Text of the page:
22.04.2020 – Stories & Specials

‘My eyes were opened in Berlin’

Photos: Julia Cebreros

In her blog Hoi Berlin, Claudia Jucker writes about family matters, new discoveries and life in the big city. She spent three years in Berlin with her husband and two daughters. Now she has come back to Zurich. She tells us why – and which city she likes best.

Zurich to Berlin and back. Two cities that are both dear to you. But which one do you love the most?

Today, if I had to choose between Zurich or Berlin, I’d go for Zurich. My roots are here, my friends, family and the values that I want for my children. Berlin is close to my heart and is definitely a city where I want to spend a lot of time, but without the pressures of daily life in Berlin. It’s where my little girl was born. It’s a place full of personal stories, lasting memories, deep friendships, ups and downs, boundless freedom and joy, frustration and loneliness, new discoveries, never-ending streets, biting winds, dark days, stinking subway shafts, dancing the night away, delicious food from all over the world and the weirdest encounters.

So, around three years ago, you packed up the family and the cat and headed north to Prenzlauer Berg. How did that come about?

My husband was offered a job. We didn’t have much time to decide whether to take it or not. I had just found out I was pregnant with our second child and it was pretty much now or never. We’d been thinking about Berlin for a while anyway, so it was the perfect fit. We quickly packed up all our stuff, along with the cat, our daughter Maus, and Mips still in my tummy, and found ourselves in the Winskiez area of beautiful Prenzlauer Berg.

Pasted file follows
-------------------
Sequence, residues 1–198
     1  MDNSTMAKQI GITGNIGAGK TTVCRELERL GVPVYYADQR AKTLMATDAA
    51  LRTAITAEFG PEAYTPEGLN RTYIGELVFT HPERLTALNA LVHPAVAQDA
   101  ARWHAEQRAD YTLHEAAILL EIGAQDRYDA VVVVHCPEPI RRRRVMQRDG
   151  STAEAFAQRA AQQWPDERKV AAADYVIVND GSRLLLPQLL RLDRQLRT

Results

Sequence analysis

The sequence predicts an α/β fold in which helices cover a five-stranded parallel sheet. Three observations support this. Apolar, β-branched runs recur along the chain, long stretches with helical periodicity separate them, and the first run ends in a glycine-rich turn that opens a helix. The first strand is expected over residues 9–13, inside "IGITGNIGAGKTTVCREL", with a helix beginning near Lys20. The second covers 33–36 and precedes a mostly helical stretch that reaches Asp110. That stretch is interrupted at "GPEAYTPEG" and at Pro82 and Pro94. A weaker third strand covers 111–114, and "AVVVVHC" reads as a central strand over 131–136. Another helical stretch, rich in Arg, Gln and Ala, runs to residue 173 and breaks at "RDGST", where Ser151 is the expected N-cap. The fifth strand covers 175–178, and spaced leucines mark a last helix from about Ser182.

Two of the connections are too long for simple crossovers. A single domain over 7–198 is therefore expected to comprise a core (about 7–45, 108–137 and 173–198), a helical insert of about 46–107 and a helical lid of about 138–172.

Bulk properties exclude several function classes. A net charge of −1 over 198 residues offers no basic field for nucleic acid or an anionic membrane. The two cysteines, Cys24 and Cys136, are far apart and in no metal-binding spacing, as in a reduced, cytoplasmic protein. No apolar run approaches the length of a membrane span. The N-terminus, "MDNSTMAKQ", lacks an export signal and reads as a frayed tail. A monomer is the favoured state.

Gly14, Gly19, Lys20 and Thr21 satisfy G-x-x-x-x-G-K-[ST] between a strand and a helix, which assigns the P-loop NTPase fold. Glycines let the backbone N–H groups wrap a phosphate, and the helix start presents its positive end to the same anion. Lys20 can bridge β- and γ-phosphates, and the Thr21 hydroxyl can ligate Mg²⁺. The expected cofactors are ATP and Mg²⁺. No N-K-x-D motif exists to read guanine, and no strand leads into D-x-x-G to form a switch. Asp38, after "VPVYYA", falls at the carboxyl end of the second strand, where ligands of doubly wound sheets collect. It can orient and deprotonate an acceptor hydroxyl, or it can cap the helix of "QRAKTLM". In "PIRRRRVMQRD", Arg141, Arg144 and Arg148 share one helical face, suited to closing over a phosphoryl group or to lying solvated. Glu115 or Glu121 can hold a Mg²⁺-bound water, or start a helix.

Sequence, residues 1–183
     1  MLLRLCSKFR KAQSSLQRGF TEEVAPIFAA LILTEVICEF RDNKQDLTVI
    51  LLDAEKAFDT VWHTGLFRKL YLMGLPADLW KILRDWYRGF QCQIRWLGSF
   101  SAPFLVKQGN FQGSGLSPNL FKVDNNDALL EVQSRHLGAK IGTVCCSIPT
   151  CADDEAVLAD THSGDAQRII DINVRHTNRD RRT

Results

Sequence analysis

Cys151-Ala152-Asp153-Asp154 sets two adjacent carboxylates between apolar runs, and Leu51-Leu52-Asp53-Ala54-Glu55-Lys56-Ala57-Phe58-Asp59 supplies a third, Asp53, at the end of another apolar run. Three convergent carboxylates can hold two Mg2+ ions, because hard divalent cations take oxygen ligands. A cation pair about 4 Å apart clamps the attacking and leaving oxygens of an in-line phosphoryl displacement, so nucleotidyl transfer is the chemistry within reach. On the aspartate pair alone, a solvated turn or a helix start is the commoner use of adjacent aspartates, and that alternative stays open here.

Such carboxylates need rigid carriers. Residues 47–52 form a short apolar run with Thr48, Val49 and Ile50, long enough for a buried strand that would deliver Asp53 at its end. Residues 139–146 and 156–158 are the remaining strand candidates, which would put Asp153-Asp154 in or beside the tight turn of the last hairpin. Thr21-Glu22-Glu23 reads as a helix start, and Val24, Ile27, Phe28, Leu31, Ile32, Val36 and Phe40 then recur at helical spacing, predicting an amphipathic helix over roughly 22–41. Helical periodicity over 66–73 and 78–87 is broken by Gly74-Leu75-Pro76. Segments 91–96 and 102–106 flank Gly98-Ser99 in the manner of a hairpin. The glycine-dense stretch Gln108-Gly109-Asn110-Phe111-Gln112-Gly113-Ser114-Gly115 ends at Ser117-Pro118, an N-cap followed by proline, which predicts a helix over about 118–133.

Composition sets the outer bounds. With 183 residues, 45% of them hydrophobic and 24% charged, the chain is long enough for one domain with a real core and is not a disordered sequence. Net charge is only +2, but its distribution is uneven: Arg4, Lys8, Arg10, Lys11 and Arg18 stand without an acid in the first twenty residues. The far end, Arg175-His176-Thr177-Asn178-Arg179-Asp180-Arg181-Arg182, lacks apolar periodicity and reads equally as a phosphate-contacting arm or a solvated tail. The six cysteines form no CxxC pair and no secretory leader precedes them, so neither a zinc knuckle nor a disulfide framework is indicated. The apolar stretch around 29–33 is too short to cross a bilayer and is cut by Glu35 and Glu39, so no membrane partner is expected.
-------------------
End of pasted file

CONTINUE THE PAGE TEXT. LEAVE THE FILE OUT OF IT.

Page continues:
‘It was pretty much now or never.’

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Did you think it was just a temporary move?

No. When we left we didn’t know how long we would stay there. It was tough for some of our family. They couldn’t understand why we wanted to leave this perfect world to go to Berlin. They thought it was OK for students, but not when you have kids. But we thought it was ideal for us. I had the feeling Berlin would be the perfect city to live in with a toddler and a baby.

But it wasn’t?

My eyes were opened a little. Everyone tells you that Berlin is a totally cool, easy place to live – especially with children. You see all the hip, laid-back parents pushing their prams around the neighbourhood and drinking latte on every corner. But it’s not like that. Or should I say: not always. I underestimated it, despite the fact that I had lived in Berlin with a child once before. I spent four months there with Maus when I was awarded a studio grant.

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‘Today, I’d go for Zurich.’

Did you start to have your doubts?

No. Funnily enough, no. I blamed the situation more than the city. And Berlin has so many wonderful aspects.

Such as?